Let's take a little trip down memory lane.
It's Jan. 9, 2007. Legendary Apple (NAS: AAPL) CEO Steve Jobs has just presented the first iPhone, sparking a smartphone market that still unfolds some five years later. The established leaders in high-end handset wizardry at the time are Research In Motion (NAS: RIMM) and Nokia (NYS: NOK) , though Americans might be forgiven for recognizing the BlackBerry fever faster than the more global Symbian phenomenon.
It's all good. A rising tide lifts all boats, but Apple's more than others. The whole sector is on the rise.
That is, until the next holiday season reveals Apple as the obvious winner in the early smartphone wars. Nokia and RIM failed to adjust to the new reality, and this is what happened:
This was unthinkable five years ago. The CrackBerry craze seemed unstoppable. Nokia owned a $150 billion market cap on a parabolic rise. Apple knew nothing about mobile phones. How could an iPod Touch with some phone circuits possibly challenge the entrenched top dogs?
But that's what happened. Today, RIM and Nokia are on life support while Apple is the world's largest company by market cap. There's no stopping the Cupertino cash machine.
Stop me if you've heard that one before
History is apt to repeat itself, my friends. Apple and Android are killing the Nokia and BlackBerry platforms, which already destroyed Palm, pagers, and PDAs. There's always another revolution waiting just around the corner. How do you know Apple's head won't be next on the chopping block?
I know, you've heard this song before: The sky is falling, the wolves are coming for real this time, Apple is too big to fail. Go home, you eternal Apple bear, Chicken Little, boy who cried wolf.
Laugh it off if you want, but don't act too surprised when Cupertino's collapse comes. It's been lonely here in the land of Apple skeptics, but that's changing as we speak.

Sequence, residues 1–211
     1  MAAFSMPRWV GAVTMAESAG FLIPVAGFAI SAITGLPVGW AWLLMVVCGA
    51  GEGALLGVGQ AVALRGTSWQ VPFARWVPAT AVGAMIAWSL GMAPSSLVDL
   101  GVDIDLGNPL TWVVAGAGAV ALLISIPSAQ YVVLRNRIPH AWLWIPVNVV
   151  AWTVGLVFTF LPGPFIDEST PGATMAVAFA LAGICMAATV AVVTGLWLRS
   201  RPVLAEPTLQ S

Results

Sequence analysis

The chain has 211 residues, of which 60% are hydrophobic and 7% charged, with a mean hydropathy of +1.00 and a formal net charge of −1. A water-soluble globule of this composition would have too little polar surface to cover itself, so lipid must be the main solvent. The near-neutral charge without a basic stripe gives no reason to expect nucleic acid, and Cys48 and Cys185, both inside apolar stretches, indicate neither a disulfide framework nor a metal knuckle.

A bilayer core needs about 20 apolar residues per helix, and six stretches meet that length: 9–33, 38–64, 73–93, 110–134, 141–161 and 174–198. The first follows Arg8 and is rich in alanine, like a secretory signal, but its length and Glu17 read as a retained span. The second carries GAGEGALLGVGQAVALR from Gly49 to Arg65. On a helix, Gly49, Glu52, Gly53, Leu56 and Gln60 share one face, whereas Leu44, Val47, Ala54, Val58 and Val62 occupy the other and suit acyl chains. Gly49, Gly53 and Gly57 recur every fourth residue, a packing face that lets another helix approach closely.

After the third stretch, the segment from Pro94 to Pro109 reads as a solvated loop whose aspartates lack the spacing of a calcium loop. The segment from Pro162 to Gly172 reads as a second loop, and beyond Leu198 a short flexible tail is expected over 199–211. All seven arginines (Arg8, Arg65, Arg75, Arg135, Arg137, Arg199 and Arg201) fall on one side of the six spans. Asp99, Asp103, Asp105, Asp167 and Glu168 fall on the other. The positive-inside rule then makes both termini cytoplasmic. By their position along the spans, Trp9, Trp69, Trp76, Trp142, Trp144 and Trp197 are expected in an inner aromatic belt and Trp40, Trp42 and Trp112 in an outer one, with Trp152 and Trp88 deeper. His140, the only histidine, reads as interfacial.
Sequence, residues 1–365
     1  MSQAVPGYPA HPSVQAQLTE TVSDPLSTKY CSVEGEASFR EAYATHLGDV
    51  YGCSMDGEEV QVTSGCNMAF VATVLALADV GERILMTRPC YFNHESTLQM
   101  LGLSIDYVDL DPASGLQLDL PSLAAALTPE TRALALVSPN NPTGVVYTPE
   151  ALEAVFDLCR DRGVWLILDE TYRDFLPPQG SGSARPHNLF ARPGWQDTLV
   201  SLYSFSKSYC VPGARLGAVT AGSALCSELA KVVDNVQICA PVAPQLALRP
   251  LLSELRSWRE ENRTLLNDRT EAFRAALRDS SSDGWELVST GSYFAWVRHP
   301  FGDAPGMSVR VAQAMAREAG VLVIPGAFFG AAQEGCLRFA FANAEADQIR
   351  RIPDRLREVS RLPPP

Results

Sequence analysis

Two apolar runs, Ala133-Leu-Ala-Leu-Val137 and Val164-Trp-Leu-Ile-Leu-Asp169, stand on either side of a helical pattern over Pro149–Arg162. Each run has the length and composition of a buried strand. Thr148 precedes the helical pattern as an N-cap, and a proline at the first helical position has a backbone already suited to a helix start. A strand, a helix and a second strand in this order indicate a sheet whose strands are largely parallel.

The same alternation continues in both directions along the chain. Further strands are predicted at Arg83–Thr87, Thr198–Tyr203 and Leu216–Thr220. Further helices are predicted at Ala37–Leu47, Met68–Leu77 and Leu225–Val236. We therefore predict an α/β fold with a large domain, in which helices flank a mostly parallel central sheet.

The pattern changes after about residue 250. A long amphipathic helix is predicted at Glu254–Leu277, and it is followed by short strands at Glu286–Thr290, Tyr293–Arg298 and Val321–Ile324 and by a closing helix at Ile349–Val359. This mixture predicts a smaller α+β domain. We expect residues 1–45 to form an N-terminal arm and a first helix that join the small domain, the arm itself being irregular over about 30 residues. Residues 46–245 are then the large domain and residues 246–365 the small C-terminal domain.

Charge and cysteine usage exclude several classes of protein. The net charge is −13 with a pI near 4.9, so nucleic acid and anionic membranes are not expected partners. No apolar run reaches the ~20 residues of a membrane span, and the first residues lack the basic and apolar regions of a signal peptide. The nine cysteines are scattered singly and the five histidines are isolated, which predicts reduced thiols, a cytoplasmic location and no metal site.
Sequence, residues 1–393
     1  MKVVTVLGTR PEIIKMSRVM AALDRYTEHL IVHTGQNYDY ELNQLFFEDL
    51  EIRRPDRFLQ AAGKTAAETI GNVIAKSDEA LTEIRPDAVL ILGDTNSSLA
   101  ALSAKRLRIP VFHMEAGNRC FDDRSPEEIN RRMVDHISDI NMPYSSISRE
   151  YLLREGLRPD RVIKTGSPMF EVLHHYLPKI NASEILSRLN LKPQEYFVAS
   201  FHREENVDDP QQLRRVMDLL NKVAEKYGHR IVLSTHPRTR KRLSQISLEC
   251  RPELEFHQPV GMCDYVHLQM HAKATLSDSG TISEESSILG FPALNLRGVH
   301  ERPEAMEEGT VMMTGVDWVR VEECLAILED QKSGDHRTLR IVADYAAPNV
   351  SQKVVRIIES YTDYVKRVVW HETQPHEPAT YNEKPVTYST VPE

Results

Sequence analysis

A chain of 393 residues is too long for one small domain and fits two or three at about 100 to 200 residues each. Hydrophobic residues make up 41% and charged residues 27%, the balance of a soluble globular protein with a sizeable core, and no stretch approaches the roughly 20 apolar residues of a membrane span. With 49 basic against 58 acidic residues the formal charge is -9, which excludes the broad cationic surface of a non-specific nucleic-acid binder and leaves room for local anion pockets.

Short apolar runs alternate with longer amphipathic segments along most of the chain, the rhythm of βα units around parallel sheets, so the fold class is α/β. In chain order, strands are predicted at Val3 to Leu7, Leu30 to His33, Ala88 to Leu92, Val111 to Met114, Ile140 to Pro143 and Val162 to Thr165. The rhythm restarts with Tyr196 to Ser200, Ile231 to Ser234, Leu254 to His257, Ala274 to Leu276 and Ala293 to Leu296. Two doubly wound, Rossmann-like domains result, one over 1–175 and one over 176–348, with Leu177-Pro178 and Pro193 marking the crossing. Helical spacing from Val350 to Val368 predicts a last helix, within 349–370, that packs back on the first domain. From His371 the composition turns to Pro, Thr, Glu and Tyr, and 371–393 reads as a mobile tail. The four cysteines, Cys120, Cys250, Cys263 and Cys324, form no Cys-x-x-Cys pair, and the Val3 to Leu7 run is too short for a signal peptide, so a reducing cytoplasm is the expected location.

Listen to this broken record
You might remember High-Tech Strategist editor Fred Hickey as the guy who called the demise of RIM before it happened. Here's a clip from fellow fool Rick Munarriz's take on that call:
"RIM has a market valuation of $75 billion, but just 1% of the cell phone market. Nokia has a market cap of $100 billion, and a 40% market share. What kind of upside is there at this valuation?" Sure, he didn't point out how RIM milks a whole lot more out of every BlackBerry user, but it's an interesting point.
Chilling, isn't it? Collecting the lion's share of smartphone profits on a minuscule market share didn't work out so well for RIM in the end. Why would Apple be any different?
Indeed, Hickey is back with harsh analysis of the new profit leader. The latest installment of his newsletter says that the "parabolic fever" for Apple stock has broken, perhaps forever. "If so, Apple's stock will continue to break down, frustrating the Appleholics who will buy on every dip, citing the 'low' valuations," Hickey says. "They will buy it all the way down."
Hickey's motivations for shorting Apple ring all too true: "Only in hindsight (years later) will they know that Apple's $600 billion valuation could not be sustained, that Apple is a consumer product company subject to the whims of consumers. That Apple sells commodity type products: phones, PCs and PC-type products (tablets) where margins could not possibly be sustained at current levels."